Legislation to give consumers the choice of using their own shopping bags at grocery stores and other retail outlets, or paying a nickel-per-bag fee that would go toward local environmental and parks projects, was approved 6-3 Wednesday by the Senate Environmental Quality Committee.
“This measure will reduce wasteful bag use in California while generating a steady stream of revenue for new parks, litter removal or other environmental projects. It also gives communities and consumers a choice,” said state Sen. Lois Wolk, D-Davis, the author of Senate Bill 700.
“Local governments get to decide whether they want to participate in the program, and those that do participate will see the proceeds from bag sales go into their community. Consumers can bring their own bag or pay a 5-cent-per-bag fee. ”
A recent Los Angeles Times editorial supporting a statewide bag tax over a bag ban reported that, “Where they’ve been made explicit, fees of just 5 cents have cut plastic bag use 75% to 90%.” Even with such reduced bag usage, programs in Washington, D.C., and Montgomery County, Maryland, which Wolk used as a template for her bill, continue to generate about $3 per person annually for environmental programs. And a recent survey shows consumers overwhelmingly support these programs.
“This bill implements an innovative approach to reduce waste and generate valuable resources that can be deployed locally in communities throughout California for critical park, open space and watershed capital investments, as well as other environmental programs,” said Doug Houston with the California Park & Recreation Society, the bill’s sponsor.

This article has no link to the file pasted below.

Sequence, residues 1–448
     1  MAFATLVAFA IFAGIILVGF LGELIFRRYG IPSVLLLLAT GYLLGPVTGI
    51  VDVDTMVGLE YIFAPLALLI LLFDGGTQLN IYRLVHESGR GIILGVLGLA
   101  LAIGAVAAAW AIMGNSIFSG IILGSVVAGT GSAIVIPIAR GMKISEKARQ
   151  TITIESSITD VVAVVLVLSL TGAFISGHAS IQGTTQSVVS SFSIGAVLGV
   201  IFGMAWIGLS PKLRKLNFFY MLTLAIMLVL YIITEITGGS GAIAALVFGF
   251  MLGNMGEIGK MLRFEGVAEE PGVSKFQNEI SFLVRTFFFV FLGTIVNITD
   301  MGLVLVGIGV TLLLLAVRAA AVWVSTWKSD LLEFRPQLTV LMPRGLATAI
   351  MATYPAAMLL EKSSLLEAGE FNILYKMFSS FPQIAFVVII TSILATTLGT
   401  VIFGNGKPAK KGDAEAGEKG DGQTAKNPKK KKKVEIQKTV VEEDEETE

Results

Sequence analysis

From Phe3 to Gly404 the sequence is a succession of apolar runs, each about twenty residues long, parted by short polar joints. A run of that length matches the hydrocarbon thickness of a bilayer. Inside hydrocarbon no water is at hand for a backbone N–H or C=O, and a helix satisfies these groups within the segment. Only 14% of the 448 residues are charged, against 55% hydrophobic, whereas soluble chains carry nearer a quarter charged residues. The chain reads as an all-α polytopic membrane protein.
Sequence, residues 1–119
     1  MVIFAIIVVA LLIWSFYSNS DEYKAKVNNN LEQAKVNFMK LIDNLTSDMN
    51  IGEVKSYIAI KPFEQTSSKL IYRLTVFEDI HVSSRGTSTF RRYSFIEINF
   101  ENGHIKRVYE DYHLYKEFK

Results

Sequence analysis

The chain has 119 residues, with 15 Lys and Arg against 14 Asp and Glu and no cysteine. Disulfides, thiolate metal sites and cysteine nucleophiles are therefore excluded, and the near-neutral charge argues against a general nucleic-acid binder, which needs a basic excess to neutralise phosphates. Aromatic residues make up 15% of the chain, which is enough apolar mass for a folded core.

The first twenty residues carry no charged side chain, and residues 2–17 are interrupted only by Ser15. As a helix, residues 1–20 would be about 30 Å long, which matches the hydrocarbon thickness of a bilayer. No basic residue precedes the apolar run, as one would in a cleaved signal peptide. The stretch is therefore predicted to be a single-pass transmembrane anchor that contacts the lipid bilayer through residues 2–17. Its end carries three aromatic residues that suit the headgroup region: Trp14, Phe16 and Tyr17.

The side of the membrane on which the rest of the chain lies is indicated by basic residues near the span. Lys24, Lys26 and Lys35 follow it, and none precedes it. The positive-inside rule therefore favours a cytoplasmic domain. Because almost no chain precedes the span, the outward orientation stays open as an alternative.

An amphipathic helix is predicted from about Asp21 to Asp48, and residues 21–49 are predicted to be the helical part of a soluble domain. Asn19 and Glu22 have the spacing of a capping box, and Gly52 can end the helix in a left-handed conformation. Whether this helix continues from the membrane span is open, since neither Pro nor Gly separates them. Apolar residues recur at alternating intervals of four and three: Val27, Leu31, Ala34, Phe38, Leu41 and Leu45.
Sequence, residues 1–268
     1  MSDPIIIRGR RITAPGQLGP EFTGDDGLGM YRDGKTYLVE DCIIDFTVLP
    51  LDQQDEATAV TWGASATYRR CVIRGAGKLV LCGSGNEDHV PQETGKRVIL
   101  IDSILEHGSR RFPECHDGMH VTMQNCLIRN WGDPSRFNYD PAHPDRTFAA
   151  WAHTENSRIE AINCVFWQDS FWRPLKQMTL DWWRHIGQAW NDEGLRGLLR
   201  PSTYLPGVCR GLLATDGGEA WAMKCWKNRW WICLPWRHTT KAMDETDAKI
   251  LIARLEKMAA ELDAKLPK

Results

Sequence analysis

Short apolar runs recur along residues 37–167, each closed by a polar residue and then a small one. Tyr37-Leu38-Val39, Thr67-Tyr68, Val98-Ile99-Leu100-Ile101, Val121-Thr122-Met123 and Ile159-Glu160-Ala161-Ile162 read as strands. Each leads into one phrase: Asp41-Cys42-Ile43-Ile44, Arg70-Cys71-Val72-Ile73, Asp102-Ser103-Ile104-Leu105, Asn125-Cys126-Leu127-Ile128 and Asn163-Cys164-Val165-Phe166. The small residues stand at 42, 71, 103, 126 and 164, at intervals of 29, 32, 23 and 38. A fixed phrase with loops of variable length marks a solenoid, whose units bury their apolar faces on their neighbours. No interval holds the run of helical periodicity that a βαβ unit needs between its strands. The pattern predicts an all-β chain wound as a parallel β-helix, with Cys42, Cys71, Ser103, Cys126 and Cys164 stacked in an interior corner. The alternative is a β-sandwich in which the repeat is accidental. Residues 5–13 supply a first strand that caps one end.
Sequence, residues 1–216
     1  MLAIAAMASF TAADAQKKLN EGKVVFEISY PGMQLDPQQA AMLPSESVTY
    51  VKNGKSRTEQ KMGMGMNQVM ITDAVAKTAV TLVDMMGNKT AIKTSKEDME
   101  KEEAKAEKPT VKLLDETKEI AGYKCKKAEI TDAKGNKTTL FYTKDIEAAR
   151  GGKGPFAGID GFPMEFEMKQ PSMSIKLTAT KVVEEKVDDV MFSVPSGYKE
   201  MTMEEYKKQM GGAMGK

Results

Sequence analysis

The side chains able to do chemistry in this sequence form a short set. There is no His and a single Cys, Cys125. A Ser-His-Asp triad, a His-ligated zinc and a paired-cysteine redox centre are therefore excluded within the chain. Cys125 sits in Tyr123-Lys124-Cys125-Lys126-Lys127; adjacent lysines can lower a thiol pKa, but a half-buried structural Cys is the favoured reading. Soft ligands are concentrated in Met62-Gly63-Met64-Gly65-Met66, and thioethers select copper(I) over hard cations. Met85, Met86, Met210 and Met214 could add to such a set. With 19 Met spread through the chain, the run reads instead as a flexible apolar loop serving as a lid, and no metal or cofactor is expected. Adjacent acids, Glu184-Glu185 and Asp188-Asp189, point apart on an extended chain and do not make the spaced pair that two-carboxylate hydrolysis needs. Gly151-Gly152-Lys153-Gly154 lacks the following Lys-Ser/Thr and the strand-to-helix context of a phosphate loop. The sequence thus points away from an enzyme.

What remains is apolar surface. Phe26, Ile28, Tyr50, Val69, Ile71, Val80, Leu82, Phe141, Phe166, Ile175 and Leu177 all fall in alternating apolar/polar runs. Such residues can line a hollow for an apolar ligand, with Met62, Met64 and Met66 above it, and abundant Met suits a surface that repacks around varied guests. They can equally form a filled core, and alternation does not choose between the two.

Under SB 700, retailers would keep a half-cent of the bag fee to cover their administrative costs — and could keep another half-cent if they voluntarily implement a bag credit program. Remaining revenues would be returned to the local jurisdictions where they were raised in the form of grants. The state costs for collecting and distributing the tax would be paid for out of the program’s revenue. The bill would not pre-empt any existing or future local ordinance.
SB 700 provides an alternative to banning single-use plastic bags outright, a proposal that has proved unpopular in many California communities. While nearly 70 cities in the state have adopted local ordinances to ban single-use plastic bags and charge for single-use paper bags — a fee that goes directly to the retailer collecting it — more than 400 cities and counties have chosen not to enact such measures.
SB 700 will next be heard in the Senate Appropriations Committee.